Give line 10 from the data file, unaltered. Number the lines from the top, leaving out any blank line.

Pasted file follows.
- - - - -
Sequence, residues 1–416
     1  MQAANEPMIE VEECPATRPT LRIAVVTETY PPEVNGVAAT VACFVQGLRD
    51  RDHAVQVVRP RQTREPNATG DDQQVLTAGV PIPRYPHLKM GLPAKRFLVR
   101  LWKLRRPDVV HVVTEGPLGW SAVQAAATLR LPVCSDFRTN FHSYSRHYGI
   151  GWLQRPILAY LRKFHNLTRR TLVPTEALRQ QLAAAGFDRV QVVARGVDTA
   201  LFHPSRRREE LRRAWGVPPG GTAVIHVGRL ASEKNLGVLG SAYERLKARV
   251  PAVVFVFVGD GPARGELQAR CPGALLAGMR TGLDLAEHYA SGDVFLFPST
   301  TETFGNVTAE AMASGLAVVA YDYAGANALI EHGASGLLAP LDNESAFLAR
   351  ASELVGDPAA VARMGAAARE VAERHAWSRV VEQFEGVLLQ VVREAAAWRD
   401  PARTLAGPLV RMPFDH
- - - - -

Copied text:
   401  PARTLAGPLV RMPFDH